Image Credits: NASA/JPL-Caltech/SwRI/MSSS/ Gerald Eichstädt/Sean Doran
LIFTOFF! NASA astronauts Mark Vande Hei, Joe Acaba and Russian cosmonaut Alexander Misurkin, left Earth at 5:17 p.m. EDT to head toward the International Space Station (@iss ) for a five-month stay. They will arrive at their new home in space at 10:57 p.m.
There are currently three people living on the space station, soon to be joined by the three crew members that launched today. While living on this unique orbiting platform, they conduct important research and science that will not only help us travel deeper into space, but also benefits life here on Earth.
Credit: NASA/Bill Ingalls
Like firecrackers lighting up the sky on New Year’s Eve, the majestic spiral arms of this galaxy are alight with new stars being born. The Hubble Space Telescope (@NASAHubble ) saw this spiral galaxy, NGC 5559, with spiral arms filled with gas and dust sweeping out around the bright galactic bulge. These arms are a rich environment for star formation, dotted with a festive array of colors including the newborn stars glowing blue as a result of their immensely high temperatures.
NGC 5559 was discovered by astronomer William Herschel in 1785 and lies approximately 240 million light-years away in the northern constellation of Boötes (the herdsman). Credit: ESA/Hubble & NASA
Astronaut Randy 'Komrade' Bresnik (@AstroKomrade ) shared this image of Hurricane Irma this evening saying "The tentacles of the bow wave of #Irma clawing its way up Florida." Bresnik is currently living and working in space on the International Space Station (@ISS ). Hurricane Irma formed in the Atlantic Ocean and has affected the Caribbean, including Puerto Rico and the U.S. Virgin Islands, before impacting the United States. Our fleet of satellites have been continually providing forecasters with data on Hurricane Irma. That includes satellite imagery for Irma, plus trajectory, force and precipitation tracking to inform the National Hurricane Center.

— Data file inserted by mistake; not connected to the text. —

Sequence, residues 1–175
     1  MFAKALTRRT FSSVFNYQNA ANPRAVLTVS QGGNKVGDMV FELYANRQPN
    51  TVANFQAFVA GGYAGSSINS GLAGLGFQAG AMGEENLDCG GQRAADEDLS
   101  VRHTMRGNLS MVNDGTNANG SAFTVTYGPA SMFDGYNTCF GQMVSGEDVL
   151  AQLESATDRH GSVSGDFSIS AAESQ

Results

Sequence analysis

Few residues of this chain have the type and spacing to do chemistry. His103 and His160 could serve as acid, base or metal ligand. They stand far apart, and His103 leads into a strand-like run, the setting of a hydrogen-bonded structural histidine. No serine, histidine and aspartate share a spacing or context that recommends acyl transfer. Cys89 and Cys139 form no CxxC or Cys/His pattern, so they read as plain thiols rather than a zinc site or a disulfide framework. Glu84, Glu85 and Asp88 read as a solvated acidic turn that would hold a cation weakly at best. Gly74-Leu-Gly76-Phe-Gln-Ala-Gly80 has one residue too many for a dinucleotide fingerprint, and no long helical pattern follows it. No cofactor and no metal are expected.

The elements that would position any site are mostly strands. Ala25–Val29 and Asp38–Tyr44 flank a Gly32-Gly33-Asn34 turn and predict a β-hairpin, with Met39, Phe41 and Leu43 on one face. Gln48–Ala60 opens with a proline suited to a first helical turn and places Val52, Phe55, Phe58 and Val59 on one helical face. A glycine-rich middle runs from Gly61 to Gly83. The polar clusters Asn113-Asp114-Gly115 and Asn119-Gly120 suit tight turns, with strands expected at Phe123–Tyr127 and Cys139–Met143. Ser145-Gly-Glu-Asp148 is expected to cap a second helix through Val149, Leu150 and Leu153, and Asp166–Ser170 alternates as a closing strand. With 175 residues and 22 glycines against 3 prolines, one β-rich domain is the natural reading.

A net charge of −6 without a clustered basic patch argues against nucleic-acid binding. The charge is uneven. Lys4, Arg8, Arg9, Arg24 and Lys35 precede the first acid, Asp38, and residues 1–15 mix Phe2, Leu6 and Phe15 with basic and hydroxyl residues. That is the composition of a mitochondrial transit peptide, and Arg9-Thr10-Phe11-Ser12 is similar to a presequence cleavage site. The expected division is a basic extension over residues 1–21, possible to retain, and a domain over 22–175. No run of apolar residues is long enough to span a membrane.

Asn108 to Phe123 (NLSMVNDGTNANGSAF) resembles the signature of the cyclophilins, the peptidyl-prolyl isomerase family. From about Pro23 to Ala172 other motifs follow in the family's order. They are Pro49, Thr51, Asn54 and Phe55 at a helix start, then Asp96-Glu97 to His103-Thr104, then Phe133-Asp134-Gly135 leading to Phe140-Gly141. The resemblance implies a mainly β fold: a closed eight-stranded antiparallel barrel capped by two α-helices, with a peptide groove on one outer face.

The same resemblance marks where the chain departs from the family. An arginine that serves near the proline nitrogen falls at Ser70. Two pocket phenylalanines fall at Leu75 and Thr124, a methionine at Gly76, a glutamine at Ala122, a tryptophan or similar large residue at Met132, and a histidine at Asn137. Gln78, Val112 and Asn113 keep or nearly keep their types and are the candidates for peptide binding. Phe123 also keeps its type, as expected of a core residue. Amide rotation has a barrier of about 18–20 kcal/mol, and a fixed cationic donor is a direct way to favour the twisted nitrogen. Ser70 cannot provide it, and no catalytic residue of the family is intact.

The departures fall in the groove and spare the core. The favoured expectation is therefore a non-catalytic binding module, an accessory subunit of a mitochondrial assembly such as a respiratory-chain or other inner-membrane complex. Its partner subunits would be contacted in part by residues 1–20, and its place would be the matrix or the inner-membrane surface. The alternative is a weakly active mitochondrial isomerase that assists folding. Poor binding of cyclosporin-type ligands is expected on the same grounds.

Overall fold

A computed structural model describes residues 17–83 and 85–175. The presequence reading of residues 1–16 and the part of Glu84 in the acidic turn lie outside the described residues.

Image Credit: NASA
Explore Saturn's rings like never before with the highest-resolution color images ever taken by our Cassini mission. This image shows a portion of the inner-central part of the planet's B Ring and is a mosaic of two images that show a region that lies between 61,300 and 65,600 miles (98,600 and 105,500 km) from Saturn's center.
This image is a natural color composite, created using images taken with red, green and blue spectral filters. The pale tan color is generally not perceptible with the naked eye in telescope views, especially given that Saturn has a similar hue.
The material responsible for bestowing this color on the rings -- which are mostly water ice and would otherwise appear white -- is a matter of intense debate among ring scientists that will hopefully be settled by new in-situ observations before the end of Cassini's mission.
Image Credit: NASA/JPL-Caltech/Space Science Institute